Movea, based in France with offices in California, has invested considerable R&D in exploring how to integrate and analyze sensor data to achieve the most effective motion sensing. While most motion sensing simply combines the sensor data to determine the direction and distance of movement, Movea has explored how the height, weight, stride and posture of the phone user, the precise manner that people change direction while walking, the roll of people's arms while holding a phone, and more, all effect motion sensing and location tracking. In addition to their developed technology, they have established a patent portfolio of over 500 patents and patent applications.
Trusted Positioning, based in Canada, has been focusing their research strongly not on mobile applications, but rather on how motion sensing and location tracking can be integrated into chips and embedded software. Their technology integrates signals from a wide variety of sensors, not only the sensors typically found in smartphones but also car odometers and speedometers.
In addition, Trusted Positioning has developed innovative technology that can track motion based on sensors in multiple devices that are all being carried by the same person. One example, in the picture shown, is a system that integrates signals from a smartphone and a smartwatch. The combination gives more accurate location tracking than either device alone delivers.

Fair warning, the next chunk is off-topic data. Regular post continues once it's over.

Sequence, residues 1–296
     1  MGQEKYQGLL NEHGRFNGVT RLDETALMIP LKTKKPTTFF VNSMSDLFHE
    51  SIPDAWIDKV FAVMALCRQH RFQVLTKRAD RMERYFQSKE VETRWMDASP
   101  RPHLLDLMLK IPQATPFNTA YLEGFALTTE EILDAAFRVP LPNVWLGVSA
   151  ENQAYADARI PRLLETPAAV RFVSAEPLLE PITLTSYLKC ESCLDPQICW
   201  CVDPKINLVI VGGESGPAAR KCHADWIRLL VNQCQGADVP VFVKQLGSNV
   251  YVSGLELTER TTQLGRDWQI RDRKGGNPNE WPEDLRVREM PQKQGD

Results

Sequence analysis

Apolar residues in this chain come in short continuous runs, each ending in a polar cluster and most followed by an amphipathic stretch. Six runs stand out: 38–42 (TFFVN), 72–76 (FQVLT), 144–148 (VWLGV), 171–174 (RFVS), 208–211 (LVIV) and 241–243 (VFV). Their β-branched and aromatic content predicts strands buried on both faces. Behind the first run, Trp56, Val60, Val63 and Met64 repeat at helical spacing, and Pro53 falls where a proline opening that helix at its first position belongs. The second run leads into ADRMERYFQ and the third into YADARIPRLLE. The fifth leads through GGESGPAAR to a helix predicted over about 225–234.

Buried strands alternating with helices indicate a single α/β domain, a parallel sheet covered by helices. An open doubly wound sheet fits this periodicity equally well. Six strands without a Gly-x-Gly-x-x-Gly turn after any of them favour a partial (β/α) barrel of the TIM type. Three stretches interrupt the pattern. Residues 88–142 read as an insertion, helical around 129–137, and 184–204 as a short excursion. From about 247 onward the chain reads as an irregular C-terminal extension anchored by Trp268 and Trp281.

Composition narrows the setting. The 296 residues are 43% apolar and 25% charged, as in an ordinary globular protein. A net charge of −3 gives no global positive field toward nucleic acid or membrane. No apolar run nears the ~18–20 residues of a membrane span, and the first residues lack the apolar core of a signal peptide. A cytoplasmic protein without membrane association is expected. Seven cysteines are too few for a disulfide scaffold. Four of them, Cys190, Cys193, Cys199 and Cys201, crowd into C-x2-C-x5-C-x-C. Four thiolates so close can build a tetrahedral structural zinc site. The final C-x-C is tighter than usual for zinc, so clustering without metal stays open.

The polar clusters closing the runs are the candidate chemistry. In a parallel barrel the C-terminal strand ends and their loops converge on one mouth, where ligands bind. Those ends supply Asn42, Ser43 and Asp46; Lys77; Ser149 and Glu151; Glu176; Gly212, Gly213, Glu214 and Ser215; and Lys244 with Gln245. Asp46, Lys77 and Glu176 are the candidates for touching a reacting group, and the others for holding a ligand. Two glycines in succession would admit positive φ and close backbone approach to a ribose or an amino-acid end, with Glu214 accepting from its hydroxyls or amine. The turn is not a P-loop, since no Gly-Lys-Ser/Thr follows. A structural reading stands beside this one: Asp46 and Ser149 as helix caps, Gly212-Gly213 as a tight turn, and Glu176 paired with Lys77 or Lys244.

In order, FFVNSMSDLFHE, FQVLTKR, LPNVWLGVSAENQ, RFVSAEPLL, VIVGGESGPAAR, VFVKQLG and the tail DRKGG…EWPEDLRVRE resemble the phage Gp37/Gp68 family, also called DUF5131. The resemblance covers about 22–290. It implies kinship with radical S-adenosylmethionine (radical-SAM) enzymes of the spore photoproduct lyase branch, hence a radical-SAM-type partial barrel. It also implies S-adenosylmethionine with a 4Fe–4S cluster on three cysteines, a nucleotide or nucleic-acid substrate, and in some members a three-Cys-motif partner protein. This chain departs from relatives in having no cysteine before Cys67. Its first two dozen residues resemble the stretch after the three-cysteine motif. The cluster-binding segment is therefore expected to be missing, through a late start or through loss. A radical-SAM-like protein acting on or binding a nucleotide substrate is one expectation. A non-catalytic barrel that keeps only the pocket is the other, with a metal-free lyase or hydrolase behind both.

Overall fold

In short, these two start-up companies will bring InvenSense a combination of innovative motion sensing, improved accuracy, a variety of application areas, and integration to InvenSense's sensor fusion.
The next big question is what other chip makers will do in response. Many other chip makers, including Broadcom (BRCM), Qualcomm (NASDAQ:QCOM), STMicroelectronics (NYSE:STM), Cambridge Silicon Radio ((LON:CSR)), and others, are working on integrating indoor location positioning into their chips, either based on radio signals or based on motion sensing. Qualcomm's IZAT chipsets and Broadcom's AccuLocate technology are but two of the indoor location related chip products that have already reached market. Which companies will follow up with acquisitions of their own, or otherwise strengthen their capabilities in motion sensing, remains to be seen.
What is clear, however, is that there are over a hundred start-up companies in the indoor location area, many of which could be strong acquisition targets for chip companies or other companies trying to keep ahead in this area. Of the dozens of indoor location companies that this author has spoken with, several have developed highly accurate motion sensing technology. Several more have other technologies, such as radio-based technologies, that are fitting for integration into chips.
With these two acquisitions, InvenSense has thrown down the gauntlet in front of the rest of the chip and mobile industry. We expect to see a lot of activity in chip-based motion sensing and indoor location tracking in the upcoming months.
Disclosure: The author has no positions in any stocks mentioned, and no plans to initiate any positions within the next 72 hours. The author wrote this article themselves, and it expresses their own opinions. The author is not receiving compensation for it (other than from Seeking Alpha). The author has no business relationship with any company whose stock is mentioned in this article.